Does Searching for ‘Loser’ on Twitter Return Trump’s Account?

Search algorithms linking controversial politicians to derogatory words is a not uncommon phenomenon.

  • Published 7 November 2020

Claim

Following the 2020 general election, entering “loser” in the people search function on Twitter returned the personal account of U.S. President Donald Trump.

Origin

Voting in the 2020 U.S. Election may be over, but the misinformation keeps on ticking. Never stop fact-checking. Follow our post-election coverage here.

 
Hours after Joe Biden was projected as the winner of the 2020 U.S. presidential election by news outlets on Nov. 7, 2020, rumors and misinformation continued to circulate profusely online. Among the many widely distributed assertions was the claim that entering the word “loser” into the people search function on Twitter would return the verified personal account of U.S. President Donald Trump:

(Trump generally used his personal Twitter account throughout his presidency rather than the official government POTUS account.)

The claim was first posted on Nov. 7 by Twitter user Rakesh Agrawal, the founder of news and media search engine SnapStream, and it was subsequently retweeted by science blogger Phil Plait. Both users have Twitter-verified accounts.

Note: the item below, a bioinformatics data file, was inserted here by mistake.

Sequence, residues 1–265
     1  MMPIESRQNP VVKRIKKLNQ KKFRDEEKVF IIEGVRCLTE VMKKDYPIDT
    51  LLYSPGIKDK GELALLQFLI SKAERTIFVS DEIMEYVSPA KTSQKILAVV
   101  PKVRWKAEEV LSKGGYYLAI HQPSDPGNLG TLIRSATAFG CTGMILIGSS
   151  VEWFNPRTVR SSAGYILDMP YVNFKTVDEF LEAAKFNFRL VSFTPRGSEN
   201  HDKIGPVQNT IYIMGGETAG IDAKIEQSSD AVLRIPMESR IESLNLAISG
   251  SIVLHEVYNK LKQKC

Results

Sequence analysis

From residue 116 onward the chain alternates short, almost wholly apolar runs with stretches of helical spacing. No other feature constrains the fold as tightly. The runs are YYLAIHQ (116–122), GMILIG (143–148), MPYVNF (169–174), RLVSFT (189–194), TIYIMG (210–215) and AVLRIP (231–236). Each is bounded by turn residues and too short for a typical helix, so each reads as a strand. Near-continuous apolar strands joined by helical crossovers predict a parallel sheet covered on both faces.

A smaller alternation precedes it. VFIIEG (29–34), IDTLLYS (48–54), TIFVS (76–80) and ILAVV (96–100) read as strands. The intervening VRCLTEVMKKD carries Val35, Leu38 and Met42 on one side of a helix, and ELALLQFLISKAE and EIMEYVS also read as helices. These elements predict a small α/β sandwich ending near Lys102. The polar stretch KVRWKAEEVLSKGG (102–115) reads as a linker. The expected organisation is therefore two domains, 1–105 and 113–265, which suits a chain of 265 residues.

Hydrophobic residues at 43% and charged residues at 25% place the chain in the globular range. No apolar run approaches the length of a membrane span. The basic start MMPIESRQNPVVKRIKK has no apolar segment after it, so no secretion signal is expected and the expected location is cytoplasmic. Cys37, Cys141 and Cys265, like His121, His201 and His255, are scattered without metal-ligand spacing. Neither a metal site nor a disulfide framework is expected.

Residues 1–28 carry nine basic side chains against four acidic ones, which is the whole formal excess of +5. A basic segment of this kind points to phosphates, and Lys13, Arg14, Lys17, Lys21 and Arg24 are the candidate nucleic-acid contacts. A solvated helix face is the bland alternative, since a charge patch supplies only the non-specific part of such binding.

On the same day, independent searches by two Snopes staffers who entered “loser” into Twitter’s people search field on their mobile phones confirmed that this claim was true.

It was not clear how the Twitter search algorithm worked to return search results, and as the platform noted, there are “many ways to use the search on Twitter”:

 
According to the social media management program Hootsuite, all social media algorithms use machine learning to sort content based on ranking signals, which can include how recently a given tweet was published, its relevancy to keywords in other tweets, and engagement across the platform and users who are accessing similar content. In short, a combination of factors could be behind the phenomenon of Trump was associated with the word “loser,” including the timeliness of the recent election results announcement, as well as the number of tweets that included both the word “loser” and the Trump’s handle or name.

In response to our query to Twitter about how the platform’s algorithm works to return search results, a spokesperson told us, “If an account is mentioned often alongside certain terms, they can become algorithmically surfaced together as an association. These associations are temporary and ever-changing based on how people Tweet.”